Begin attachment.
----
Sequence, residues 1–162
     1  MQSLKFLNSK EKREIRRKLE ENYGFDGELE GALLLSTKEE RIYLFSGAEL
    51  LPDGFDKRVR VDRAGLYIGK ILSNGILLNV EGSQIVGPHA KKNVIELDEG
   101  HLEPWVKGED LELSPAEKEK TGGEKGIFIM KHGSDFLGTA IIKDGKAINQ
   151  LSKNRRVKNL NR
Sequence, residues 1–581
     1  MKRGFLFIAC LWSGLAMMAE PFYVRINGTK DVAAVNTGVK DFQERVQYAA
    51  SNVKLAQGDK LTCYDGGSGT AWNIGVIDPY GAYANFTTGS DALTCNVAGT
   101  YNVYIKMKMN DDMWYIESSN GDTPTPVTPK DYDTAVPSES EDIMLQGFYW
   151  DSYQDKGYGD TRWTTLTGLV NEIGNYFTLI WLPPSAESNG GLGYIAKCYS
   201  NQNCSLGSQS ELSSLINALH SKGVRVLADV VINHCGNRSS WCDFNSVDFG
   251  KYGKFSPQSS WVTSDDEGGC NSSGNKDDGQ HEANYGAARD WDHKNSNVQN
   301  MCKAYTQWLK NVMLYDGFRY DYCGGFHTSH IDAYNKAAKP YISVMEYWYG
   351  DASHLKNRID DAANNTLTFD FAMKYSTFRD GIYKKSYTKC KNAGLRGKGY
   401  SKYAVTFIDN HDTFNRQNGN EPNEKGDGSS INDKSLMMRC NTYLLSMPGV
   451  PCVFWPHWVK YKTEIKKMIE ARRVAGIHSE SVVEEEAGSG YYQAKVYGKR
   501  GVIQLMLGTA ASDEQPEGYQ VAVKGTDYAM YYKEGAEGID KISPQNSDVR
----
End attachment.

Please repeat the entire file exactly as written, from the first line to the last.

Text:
Sequence, residues 1–162
     1  MQSLKFLNSK EKREIRRKLE ENYGFDGELE GALLLSTKEE RIYLFSGAEL
    51  LPDGFDKRVR VDRAGLYIGK ILSNGILLNV EGSQIVGPHA KKNVIELDEG
   101  HLEPWVKGED LELSPAEKEK TGGEKGIFIM KHGSDFLGTA IIKDGKAINQ
   151  LSKNRRVKNL NR
Sequence, residues 1–581
     1  MKRGFLFIAC LWSGLAMMAE PFYVRINGTK DVAAVNTGVK DFQERVQYAA
    51  SNVKLAQGDK LTCYDGGSGT AWNIGVIDPY GAYANFTTGS DALTCNVAGT
   101  YNVYIKMKMN DDMWYIESSN GDTPTPVTPK DYDTAVPSES EDIMLQGFYW
   151  DSYQDKGYGD TRWTTLTGLV NEIGNYFTLI WLPPSAESNG GLGYIAKCYS
   201  NQNCSLGSQS ELSSLINALH SKGVRVLADV VINHCGNRSS WCDFNSVDFG
   251  KYGKFSPQSS WVTSDDEGGC NSSGNKDDGQ HEANYGAARD WDHKNSNVQN
   301  MCKAYTQWLK NVMLYDGFRY DYCGGFHTSH IDAYNKAAKP YISVMEYWYG
   351  DASHLKNRID DAANNTLTFD FAMKYSTFRD GIYKKSYTKC KNAGLRGKGY
   401  SKYAVTFIDN HDTFNRQNGN EPNEKGDGSS INDKSLMMRC NTYLLSMPGV
   451  PCVFWPHWVK YKTEIKKMIE ARRVAGIHSE SVVEEEAGSG YYQAKVYGKR
   501  GVIQLMLGTA ASDEQPEGYQ VAVKGTDYAM YYKEGAEGID KISPQNSDVR